A Thinga-reader comment on yesterday’s review of the Crazy Faces card game caught my attention… The parent’s 3-year-old isn’t developmentally ready to play such a card game.

It got me thinking… My daughter’s 5-year-old friend is the only other child we know who plays 4-Way Countdown, so our daughter often plays it with Mom and Dad. Some of her same-age friends are probably capable, while others are one, two, maybe even three years away from being ready for a sit-down math game.

Maybe it comes down to having a good attention span and patience to endure a game that occasionally presents setbacks to the player. Our daughter seems to have an aptitude for games that involve sequence rules.

Maybe it’s a familiarity issue. We began introducing board games to our daughter around age 2. Maybe where some parents opted for videos, or crafts or physical games, we focused on tile matching and puzzles and such.

It was a culture shock the first time our daughter pulled out a puzzle to play with a friend and her friend couldn’t distinguish the significance between the picture side and blank side of a puzzle piece. Maybe experience is everything.

Maybe it’s the example set by Mom and Dad. We play games with her and with our adult friends. A few weeks ago she prepared her stuffed animals around her toddler table to hold her own "game night."

What do you think?


10 Responses to “Review: 4-Way Coundown Math Game”

  1. Barbara says:

    In most circumstances, I’d vote for experience. If their first exposure to games and puzzles is 3 or 4 they aren’t going to be as ready for it as a child that’s been playing with them since 1.

    With assistance, a 12 month old can handle the wood cut out puzzles with the knob. Teach them to put the piece down and twist it until it falls into place. Repeated exposure from there on out moves them up to more complicated games as they get older.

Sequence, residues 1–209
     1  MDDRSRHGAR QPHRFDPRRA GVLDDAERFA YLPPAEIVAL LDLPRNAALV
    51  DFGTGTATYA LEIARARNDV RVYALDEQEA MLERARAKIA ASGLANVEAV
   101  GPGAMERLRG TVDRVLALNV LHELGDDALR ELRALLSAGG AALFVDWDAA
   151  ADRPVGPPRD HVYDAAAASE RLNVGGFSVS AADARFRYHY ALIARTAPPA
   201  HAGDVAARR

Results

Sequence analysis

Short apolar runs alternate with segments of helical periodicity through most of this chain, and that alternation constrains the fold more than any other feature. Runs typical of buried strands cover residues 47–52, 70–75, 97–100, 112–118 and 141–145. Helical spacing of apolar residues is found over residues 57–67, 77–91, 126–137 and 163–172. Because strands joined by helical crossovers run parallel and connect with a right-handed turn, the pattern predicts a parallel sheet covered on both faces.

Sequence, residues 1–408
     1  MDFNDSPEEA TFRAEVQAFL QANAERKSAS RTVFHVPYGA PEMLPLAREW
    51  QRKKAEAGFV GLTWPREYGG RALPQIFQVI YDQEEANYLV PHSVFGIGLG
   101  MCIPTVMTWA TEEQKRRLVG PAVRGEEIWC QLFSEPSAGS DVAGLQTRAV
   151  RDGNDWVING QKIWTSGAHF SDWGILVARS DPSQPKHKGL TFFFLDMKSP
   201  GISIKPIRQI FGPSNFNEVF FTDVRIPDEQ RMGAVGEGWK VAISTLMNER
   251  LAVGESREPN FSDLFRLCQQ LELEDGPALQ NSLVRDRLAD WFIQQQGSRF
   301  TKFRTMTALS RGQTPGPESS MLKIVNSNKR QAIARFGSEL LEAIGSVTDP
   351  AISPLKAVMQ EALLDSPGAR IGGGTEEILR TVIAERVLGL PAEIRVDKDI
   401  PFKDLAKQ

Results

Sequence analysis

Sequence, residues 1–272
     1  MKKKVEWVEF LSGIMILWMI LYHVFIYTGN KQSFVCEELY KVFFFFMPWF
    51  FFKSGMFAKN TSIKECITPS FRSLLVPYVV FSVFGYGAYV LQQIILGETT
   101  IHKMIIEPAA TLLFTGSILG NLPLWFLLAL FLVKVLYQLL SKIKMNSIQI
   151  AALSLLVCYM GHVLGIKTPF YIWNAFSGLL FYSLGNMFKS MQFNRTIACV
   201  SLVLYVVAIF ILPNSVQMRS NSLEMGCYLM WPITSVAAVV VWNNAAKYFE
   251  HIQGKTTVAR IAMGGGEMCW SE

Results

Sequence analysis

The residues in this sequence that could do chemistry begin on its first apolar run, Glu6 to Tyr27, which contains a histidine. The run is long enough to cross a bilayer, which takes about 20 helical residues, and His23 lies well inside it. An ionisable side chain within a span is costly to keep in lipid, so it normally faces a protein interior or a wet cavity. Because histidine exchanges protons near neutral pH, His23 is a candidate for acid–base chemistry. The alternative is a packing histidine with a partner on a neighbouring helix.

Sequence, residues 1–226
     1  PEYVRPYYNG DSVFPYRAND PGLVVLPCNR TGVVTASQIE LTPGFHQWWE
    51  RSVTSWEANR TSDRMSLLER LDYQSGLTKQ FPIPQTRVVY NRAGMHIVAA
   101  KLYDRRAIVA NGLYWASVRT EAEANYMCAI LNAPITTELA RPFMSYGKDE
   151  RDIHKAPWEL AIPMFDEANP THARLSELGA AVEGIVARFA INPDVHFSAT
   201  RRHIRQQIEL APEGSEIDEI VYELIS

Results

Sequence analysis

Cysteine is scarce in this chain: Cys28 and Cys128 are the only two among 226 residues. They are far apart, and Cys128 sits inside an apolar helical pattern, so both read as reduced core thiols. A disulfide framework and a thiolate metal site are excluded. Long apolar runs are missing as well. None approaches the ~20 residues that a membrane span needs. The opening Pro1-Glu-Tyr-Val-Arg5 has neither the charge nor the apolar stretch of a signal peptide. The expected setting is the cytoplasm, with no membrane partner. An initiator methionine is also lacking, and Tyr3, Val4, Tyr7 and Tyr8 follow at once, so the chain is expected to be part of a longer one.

I know that’s not the case for all children, every child develops at their own pace.

    March 18th, 2008 at 7:08 am

  2. Diana (Holes In My Shiny Veneer) says:

    This game sounds awesome! My 4yo loves games and math– he started with Cariboo when he was 2 1/2 and we’ve never looked back. He’s a puzzle fiend, too, by the way.

    I’d agree it’s a familiarity/experience thing– he’s been playing with adults for a long time and I attribute his comfort level with adults partly at least to his game playing. With his passion for games we’ve learned to take age levels as a rather broad suggestion since he is quite comfortable with games and puzzles for 5 and 6 year olds.

    I do sometimes wonder if it all comes from his experience or if it’s just the way God has wired him!

    March 18th, 2008 at 8:23 am

  3. Jessamyn says:

    I think a lot of it has to do with the parental temprament too. My husband gets very frustrated with my 4-year-old’s game playing. She likes to make up new rules and try playing it that way. Which is very creative and results in games closer to “Calvin Ball” than “Chutes and Ladders” but makes him nuts. She’ll play games by the rules but gets bored with them easily.

    This countdown game sounds very neat. We may have to try it. We’re always playing dinner math (“if you need to eat 7 bites and you’ve already had 3, how many do you have left”, etc.)